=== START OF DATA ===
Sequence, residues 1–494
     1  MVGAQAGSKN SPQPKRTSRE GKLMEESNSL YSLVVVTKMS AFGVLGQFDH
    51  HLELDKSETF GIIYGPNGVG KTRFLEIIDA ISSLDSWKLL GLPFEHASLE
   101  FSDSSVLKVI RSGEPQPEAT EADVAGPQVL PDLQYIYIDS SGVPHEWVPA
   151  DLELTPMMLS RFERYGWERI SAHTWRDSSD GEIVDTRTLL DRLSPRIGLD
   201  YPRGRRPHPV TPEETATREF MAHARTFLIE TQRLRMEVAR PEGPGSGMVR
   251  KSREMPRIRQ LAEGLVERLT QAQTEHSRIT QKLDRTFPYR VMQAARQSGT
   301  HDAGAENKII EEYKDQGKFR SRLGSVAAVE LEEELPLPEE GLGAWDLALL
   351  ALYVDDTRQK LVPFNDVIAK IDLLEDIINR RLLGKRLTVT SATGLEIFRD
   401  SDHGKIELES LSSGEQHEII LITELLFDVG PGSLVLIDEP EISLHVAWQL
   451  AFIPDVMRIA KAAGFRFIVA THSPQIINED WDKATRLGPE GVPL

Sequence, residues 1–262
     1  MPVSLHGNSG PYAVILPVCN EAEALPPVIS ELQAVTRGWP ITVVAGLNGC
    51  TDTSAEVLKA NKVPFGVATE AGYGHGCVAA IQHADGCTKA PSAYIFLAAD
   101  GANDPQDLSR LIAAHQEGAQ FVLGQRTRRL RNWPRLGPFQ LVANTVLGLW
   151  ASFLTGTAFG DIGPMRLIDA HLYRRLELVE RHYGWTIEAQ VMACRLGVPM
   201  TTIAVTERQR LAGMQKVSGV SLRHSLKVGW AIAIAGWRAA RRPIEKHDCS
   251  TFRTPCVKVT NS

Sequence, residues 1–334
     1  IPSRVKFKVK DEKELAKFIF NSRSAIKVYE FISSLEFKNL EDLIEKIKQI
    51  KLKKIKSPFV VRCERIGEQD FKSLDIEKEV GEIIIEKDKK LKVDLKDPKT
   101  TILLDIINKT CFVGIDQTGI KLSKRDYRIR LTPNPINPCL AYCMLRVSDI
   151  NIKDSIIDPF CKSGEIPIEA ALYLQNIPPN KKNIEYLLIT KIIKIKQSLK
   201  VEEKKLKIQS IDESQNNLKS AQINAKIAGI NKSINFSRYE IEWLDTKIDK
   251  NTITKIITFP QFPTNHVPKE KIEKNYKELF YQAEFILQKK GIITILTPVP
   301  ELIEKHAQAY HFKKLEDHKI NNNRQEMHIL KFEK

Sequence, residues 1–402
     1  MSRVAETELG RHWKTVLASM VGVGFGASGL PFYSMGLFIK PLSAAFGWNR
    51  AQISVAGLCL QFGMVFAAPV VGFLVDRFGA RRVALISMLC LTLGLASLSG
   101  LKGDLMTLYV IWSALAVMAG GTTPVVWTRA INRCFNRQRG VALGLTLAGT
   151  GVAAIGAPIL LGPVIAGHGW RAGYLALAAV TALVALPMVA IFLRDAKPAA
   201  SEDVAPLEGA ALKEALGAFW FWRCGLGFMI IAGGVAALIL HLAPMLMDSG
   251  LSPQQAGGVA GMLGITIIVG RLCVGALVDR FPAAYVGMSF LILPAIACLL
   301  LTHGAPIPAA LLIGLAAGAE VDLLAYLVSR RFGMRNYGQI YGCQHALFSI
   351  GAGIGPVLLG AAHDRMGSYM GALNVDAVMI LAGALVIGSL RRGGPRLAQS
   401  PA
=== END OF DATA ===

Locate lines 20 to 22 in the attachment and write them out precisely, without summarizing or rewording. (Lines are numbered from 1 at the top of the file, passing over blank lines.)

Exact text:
     1  IPSRVKFKVK DEKELAKFIF NSRSAIKVYE FISSLEFKNL EDLIEKIKQI
    51  KLKKIKSPFV VRCERIGEQD FKSLDIEKEV GEIIIEKDKK LKVDLKDPKT
   101  TILLDIINKT CFVGIDQTGI KLSKRDYRIR LTPNPINPCL AYCMLRVSDI